From the Editor
Our features in #38 go their own ways. Last October I got an invitation: "After many years in a private collection in Germany, eighteen historic paintings and drawings by Tatyana Apraksina were recently returned as a gift." The paintings were done in Russia. The exotic note drew me in and I went to [more]
Interested in publishing your conversations with everyday heroes and artists? Want to get a hard-copy of our magazine? Want to suggest someone for an interview? Contact Us.
Apraksina writes, "I rarely paint portraits." Not that she is averse, but as she clarifies, "my art gains its drive from subjects" and it's the ones she is drawn to whose mature life philosophy and moral ideals hold some special appeal. Here she shares the story of painting the portrait of Russian composer A.L. Lokshin. The experience remains, as she writes, "like nothing else I've ever encountered."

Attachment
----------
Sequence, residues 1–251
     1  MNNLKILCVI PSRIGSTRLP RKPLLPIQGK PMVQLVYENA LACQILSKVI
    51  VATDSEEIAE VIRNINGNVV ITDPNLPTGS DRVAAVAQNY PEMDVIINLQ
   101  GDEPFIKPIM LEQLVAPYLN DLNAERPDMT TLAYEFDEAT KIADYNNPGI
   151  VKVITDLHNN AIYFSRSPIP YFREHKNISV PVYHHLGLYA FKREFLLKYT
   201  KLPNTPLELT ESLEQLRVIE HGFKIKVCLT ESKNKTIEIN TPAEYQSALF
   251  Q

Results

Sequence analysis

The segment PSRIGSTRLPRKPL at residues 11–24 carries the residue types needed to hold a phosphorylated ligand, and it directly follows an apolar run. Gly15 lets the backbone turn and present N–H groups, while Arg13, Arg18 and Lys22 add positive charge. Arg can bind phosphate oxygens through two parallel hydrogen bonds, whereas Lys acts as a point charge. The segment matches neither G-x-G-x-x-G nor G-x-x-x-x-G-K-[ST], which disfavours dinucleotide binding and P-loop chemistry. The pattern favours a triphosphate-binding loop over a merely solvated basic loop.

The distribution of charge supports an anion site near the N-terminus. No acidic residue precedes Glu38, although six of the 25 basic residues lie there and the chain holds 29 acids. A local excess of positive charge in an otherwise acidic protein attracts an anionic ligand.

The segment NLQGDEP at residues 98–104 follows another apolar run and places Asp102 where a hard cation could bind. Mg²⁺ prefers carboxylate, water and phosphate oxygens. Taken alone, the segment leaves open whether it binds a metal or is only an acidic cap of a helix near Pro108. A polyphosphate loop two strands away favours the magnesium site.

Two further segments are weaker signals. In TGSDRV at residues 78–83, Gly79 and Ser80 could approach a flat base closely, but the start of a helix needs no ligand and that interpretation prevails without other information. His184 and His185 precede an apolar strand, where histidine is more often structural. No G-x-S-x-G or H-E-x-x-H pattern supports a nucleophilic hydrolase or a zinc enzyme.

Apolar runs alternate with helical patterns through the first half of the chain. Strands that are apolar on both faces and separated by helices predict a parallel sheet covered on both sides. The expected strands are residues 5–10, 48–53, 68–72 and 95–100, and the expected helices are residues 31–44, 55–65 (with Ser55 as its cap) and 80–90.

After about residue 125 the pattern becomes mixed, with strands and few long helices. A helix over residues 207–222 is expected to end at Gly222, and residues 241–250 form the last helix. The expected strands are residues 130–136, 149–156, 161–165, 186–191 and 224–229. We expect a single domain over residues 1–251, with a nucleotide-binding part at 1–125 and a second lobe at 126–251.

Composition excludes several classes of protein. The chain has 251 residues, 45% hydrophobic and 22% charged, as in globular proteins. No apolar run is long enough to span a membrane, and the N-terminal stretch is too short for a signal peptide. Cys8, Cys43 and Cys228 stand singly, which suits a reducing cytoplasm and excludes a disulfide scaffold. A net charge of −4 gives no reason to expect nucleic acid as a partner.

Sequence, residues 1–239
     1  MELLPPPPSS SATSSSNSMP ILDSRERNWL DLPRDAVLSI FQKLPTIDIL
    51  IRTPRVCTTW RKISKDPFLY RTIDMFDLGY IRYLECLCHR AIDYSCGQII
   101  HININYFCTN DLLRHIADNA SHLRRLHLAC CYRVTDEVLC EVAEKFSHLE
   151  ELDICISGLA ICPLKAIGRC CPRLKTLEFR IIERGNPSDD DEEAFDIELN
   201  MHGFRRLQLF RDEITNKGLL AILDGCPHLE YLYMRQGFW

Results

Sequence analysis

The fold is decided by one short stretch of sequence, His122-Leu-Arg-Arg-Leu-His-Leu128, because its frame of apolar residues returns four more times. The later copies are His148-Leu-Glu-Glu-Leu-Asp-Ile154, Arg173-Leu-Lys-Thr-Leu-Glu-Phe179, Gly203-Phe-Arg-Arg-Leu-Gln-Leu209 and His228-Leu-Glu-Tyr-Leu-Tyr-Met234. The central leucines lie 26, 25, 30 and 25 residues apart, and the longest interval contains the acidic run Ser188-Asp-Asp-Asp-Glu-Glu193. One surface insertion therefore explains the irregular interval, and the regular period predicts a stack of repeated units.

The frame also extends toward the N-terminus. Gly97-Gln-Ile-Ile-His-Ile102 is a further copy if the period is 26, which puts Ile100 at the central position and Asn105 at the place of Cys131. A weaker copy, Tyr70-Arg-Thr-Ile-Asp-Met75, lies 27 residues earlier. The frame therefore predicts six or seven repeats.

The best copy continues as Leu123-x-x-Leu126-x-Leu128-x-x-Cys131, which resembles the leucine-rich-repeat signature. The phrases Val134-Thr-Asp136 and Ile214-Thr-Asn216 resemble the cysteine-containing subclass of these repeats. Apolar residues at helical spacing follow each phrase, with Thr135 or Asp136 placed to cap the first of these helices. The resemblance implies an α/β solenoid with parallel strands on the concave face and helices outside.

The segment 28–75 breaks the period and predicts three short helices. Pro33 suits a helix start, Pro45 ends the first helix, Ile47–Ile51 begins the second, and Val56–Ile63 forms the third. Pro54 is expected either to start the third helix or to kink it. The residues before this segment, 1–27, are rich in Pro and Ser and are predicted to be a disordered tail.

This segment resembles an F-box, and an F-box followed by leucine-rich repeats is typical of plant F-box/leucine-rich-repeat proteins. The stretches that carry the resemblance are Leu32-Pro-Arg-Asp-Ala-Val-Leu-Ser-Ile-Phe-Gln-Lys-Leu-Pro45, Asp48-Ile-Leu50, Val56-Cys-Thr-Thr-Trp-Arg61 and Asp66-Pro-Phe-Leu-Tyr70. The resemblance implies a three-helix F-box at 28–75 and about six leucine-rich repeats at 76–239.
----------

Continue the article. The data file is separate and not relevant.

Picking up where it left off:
About the beginnings of her long career in photography Linda Connor says, "When you find something you're good at, you latch on." Happy to admit the technical side didn't come easily she says her photography teacher at RISD, Harry Callahan, "used to shake his head." But eventually, as she says in an understatement, "I got relatively good." Not a fan of talking about herself, this iconic artist and longtime teacher at the San Francisco Art Institute shares freely in this thoughtful interview.